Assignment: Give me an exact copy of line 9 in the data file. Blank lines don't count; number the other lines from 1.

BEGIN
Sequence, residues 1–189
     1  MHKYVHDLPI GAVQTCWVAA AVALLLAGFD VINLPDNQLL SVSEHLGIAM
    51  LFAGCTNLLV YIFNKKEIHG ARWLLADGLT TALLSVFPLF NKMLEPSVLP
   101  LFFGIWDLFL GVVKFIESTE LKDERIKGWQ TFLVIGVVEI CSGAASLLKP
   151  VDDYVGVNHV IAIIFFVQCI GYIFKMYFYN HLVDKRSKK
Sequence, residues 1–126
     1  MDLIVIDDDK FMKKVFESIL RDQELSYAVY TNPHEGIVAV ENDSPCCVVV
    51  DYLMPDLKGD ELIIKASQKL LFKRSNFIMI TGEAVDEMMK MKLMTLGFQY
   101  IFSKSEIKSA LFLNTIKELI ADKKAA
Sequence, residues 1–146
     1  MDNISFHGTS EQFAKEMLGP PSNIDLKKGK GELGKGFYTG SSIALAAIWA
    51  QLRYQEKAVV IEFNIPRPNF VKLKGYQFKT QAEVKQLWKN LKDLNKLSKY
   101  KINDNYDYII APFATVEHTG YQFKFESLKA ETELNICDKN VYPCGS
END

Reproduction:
   101  IFSKSEIKSA LFLNTIKELI ADKKAA